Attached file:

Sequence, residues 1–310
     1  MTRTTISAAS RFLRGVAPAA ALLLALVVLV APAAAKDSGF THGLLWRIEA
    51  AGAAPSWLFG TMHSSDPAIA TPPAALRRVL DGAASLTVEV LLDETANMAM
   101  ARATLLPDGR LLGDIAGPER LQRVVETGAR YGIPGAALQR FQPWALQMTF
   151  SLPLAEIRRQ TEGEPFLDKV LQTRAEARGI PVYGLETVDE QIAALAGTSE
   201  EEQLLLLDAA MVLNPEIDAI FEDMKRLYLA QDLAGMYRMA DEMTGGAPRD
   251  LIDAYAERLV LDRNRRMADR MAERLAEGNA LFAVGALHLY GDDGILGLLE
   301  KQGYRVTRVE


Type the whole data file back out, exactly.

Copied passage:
Sequence, residues 1–310
     1  MTRTTISAAS RFLRGVAPAA ALLLALVVLV APAAAKDSGF THGLLWRIEA
    51  AGAAPSWLFG TMHSSDPAIA TPPAALRRVL DGAASLTVEV LLDETANMAM
   101  ARATLLPDGR LLGDIAGPER LQRVVETGAR YGIPGAALQR FQPWALQMTF
   151  SLPLAEIRRQ TEGEPFLDKV LQTRAEARGI PVYGLETVDE QIAALAGTSE
   201  EEQLLLLDAA MVLNPEIDAI FEDMKRLYLA QDLAGMYRMA DEMTGGAPRD
   251  LIDAYAERLV LDRNRRMADR MAERLAEGNA LFAVGALHLY GDDGILGLLE
   301  KQGYRVTRVE